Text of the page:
Japanese video games and pachinko giant Sega Sammy is in talks with South Korea’s leading casino operator Paradise Group to launch a joint bid for a Japanese casino license.

Sega Sammy

Sega boss Hajime Satomi (pictured) has said his company wants to be all over the Japanese casino market. His counterpart at the Paradise Group, Park Pyung-yong, was playing it cool this week when asked about the two companies’ possible joint bid. (Image: IAG)

Paradise President and CEO Park Pyung-yong told Inside Asian Gaming this week that while the two companies had not yet reached a confirmed commitment, a bid remained a distinct possibility.

The companies are partners in Paradise City in Incheon – Korea’s first integrated resort – of which Paradise owns 55 percent and Sega Sammy 45 percent.

Sega Sammy has long expressed its desire to become a major player in the Japanese market, which has the potential to quickly become the second-biggest gaming market in the world, behind Macau.

In October, the Chairman and CEO of the Tokyo-based company, Hajime Satomi, said he wanted more than just participation in the market, he wanted Sega Sammy to “hold the majority of projects” and to “develop businesses in a broad range of fields with casino operations as the central focus.”

Sega Sammy was formed in 2004 of the merger between Sega, the international video and arcade games distributor, and Sammy, a Japanese-Korean maker of pachinko machines.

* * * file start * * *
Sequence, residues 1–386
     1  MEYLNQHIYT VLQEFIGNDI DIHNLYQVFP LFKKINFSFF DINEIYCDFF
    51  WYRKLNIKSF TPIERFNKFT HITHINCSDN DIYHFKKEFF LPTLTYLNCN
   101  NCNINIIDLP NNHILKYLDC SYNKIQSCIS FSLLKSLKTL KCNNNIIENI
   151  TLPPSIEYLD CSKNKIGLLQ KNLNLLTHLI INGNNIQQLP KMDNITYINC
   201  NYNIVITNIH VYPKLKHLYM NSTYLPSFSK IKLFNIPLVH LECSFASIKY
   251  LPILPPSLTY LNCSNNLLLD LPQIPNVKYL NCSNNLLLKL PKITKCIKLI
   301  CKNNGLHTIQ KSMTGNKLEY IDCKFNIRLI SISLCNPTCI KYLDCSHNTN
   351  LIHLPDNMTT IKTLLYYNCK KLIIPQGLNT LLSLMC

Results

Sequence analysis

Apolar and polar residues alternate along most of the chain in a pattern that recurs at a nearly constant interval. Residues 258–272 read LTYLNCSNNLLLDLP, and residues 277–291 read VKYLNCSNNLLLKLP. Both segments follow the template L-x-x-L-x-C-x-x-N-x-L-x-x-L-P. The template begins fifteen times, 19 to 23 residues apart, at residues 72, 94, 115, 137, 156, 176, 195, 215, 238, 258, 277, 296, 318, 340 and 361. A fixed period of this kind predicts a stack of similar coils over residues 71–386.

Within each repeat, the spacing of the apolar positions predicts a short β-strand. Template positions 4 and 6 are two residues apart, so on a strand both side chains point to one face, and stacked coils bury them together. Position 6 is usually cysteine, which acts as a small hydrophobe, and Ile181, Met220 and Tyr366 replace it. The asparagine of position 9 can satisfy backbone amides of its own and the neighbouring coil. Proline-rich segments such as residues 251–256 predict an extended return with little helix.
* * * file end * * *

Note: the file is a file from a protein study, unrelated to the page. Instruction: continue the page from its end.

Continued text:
Threat to Korean Market?

Until now, Paradise has been silent on the impending new casino market on its doorstep. Initially, just three casino licenses will be issued, and with international operators desperate to get their hands on one, competition will be fierce.

But Paradise’s involvement in the market could be strategically very important for the group. Because South Korea’s casinos are foreigner-only, Paradise City relies heavily on Japanese visitors, particularly at a time when China is discouraging residents from visiting South Korea as part of its unofficial policy of loose economic sanctions — retaliation for Seoul’s deployment of a US backed THAAD battery anti-missile system in the region in 2017.

A domestic Japanese market would likely stem the flow of Japanese high rollers to Korea, although Park disagrees somewhat.

“Some people think Japanese high rollers may not come to Korea, but Japanese high rollers may be very cautious about their playing,” he told IAG. “I think Japanese high rollers won’t go to their local casino. Our VIP clients in Japan will still come to Korea.”

Only Three Takers

On Monday the Japan Times reported that of the 47 prefectures and 20 major cities in Japan that are eligible to apply for licensing, just three — Osaka Prefecture and the city of Osaka, Wakayama Prefecture, and Nagasaki Prefecture — have confirmed they will definitely be in the running.

Five additional local governments, including Tokyo and Yokohama, have said they are mulling an application but are still at the research stage.

Local governments are required to team up with operators to submit joint proposals to central government for a final decision, but despite the opportunities made available by the legalization of casinos, the response has been lukewarm and the concept is unpopular with the public.

The first resorts are expected to be up and running in 2025.